The wrong predisposition to think about digital transformation
The Harvard Business Review published last week a report entitled ‘Competing in 2020: Winners and Losers of the Digital Economy’. It offers great insight on several topics, such as the sectors where the urgency of the digital transformation is most felt. The survey conducted for the report shows that manufacturing (27%), government (36%), healthcare (36%) and retail (41%) are the industries that feel the least that digital trends will disrupt their sectors. Equally interesting, the survey shows that 67% of respondents feel that digital will allow for a greater value chain integration. This is a very interesting figure, because the digital transformation indeed compels companies to think more collectively, i.e within their ecosystem, than before. That is a fact that applies across all sectors.
Yet, the report is flawed in two respects. First, it takes a worldwide approach. The 783 respondents come from four different continents. Yet, the digital maturity is very different from one region to another. The challenges digital trends present to companies may be similar, but bringing them all under a single umbrella gives a false picture.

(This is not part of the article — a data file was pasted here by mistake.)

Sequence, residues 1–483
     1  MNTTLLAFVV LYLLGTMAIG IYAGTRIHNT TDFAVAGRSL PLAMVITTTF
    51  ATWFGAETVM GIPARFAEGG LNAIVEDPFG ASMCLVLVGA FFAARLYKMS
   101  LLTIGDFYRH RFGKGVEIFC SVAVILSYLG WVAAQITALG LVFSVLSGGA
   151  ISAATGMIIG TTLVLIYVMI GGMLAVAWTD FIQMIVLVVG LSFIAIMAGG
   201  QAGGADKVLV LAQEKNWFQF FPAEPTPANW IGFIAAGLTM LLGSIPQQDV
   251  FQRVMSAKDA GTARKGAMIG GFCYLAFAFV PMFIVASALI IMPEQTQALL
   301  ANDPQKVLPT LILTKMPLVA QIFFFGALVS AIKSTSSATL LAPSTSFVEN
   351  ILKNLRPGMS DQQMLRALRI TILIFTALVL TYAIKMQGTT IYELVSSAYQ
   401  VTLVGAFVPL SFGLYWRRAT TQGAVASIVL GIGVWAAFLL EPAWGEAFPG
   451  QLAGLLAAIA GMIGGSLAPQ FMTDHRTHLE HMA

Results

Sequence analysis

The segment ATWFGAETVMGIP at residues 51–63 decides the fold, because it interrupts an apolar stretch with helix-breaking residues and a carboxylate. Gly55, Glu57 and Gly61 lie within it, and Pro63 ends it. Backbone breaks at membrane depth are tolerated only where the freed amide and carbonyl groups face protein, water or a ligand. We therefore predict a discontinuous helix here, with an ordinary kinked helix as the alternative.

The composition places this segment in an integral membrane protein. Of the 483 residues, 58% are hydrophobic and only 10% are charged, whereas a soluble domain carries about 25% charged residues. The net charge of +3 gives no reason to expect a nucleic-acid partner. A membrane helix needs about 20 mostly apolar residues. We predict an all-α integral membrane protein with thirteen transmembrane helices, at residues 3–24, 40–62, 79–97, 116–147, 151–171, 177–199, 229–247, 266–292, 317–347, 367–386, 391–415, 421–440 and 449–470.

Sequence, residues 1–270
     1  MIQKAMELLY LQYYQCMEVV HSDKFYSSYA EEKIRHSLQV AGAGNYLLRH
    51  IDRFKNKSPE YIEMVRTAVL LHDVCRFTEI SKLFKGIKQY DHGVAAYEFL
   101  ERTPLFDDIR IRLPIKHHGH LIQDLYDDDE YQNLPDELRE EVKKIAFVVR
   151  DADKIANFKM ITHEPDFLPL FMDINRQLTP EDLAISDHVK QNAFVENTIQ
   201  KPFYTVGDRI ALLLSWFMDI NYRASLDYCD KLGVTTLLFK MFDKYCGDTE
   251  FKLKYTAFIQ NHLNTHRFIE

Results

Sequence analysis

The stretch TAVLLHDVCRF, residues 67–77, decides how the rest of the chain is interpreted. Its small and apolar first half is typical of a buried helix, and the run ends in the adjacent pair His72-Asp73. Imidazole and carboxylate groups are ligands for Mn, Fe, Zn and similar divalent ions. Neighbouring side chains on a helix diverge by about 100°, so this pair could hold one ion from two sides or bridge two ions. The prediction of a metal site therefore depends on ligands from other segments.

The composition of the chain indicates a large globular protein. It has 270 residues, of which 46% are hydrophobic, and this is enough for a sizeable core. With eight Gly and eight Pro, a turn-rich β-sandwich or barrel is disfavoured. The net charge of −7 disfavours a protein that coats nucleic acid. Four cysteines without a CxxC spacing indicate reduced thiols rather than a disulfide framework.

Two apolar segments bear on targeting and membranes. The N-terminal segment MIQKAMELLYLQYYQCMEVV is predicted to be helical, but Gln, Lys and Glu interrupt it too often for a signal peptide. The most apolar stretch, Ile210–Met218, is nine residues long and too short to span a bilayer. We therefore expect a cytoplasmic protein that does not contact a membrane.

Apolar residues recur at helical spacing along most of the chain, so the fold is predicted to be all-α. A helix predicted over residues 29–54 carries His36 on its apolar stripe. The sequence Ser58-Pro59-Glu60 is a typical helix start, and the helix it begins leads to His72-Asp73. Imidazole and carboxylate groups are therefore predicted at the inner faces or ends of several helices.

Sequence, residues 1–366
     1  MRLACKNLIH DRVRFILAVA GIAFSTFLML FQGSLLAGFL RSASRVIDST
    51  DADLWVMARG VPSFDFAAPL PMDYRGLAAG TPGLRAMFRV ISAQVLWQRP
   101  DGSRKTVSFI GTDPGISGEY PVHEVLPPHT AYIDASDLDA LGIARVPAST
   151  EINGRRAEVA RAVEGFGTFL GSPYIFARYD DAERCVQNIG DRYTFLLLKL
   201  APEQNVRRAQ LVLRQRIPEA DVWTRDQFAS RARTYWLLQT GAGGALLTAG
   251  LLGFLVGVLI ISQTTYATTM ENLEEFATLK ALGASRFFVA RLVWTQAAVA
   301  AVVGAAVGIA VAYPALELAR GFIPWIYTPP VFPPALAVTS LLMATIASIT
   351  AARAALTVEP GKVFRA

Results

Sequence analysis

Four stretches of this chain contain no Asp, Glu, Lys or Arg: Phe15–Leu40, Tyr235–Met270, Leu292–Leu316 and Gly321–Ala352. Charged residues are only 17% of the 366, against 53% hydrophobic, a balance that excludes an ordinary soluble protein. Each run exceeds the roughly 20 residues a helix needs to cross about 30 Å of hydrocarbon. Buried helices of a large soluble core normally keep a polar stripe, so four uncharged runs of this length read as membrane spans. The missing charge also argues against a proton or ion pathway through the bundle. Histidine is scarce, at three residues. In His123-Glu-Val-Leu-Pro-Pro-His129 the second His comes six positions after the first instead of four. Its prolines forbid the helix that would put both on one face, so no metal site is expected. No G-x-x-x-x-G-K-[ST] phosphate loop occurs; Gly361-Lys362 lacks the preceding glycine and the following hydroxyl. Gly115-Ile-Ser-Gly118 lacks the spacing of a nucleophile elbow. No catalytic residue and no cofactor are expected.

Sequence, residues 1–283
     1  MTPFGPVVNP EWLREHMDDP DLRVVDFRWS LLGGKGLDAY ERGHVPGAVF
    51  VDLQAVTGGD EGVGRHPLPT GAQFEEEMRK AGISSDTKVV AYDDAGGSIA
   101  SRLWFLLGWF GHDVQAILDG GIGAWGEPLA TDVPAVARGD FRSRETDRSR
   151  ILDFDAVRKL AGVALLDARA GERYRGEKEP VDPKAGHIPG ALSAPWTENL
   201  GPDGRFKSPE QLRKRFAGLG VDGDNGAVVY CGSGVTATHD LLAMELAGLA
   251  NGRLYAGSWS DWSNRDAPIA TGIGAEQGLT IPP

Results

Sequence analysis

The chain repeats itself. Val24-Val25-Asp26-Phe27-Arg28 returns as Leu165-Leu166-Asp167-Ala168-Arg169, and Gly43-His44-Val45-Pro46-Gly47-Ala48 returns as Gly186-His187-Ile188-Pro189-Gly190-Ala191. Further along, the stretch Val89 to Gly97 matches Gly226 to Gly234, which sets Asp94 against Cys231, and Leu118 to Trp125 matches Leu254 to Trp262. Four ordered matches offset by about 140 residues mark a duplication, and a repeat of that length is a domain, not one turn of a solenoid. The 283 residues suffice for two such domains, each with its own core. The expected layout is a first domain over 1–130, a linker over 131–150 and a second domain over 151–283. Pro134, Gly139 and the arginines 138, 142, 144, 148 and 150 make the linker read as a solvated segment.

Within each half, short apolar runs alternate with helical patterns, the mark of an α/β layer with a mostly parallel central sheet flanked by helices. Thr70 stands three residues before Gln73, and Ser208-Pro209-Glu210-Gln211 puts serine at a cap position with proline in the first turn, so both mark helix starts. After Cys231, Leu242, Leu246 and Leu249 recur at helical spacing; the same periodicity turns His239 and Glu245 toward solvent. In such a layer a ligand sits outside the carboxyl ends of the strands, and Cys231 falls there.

Second, and more importantly, respondents are divided in three categories: “digital” (most products/operations depend on digital technologies), “hybrid” (some products/operations depend on digital technologies), “non-digital” (few if any products/operations depend on digital technologies). I leave it to you to see how companies rank.
My issue with this classification is that it bases digital transformation on digital technologies. Yet, it has been pointed out numerous times in other studies that digital transformation is not about technologies — they are just a means to an end. While I understand the virtue of profiling companies, I find this report’s profiling too simplistic. It reinforces the illusion that selling online and using digital collaborative tools makes you fit for the digital economy.
In fairness, the report touches on essential aspects, such as the need to rethink your strategy, redesign your organisation and culture. Yet, it would have been a lot more valuable to angle the report around these aspects, which are critical for any company to adequately take on the digital wave. If these considerations is tackled as side-projects to investing in digital technologies or even after having done those investments, chances are you may be “digital” according to the report, but troubles loom ahead for the future of your company.
I first published this on LinkedIn.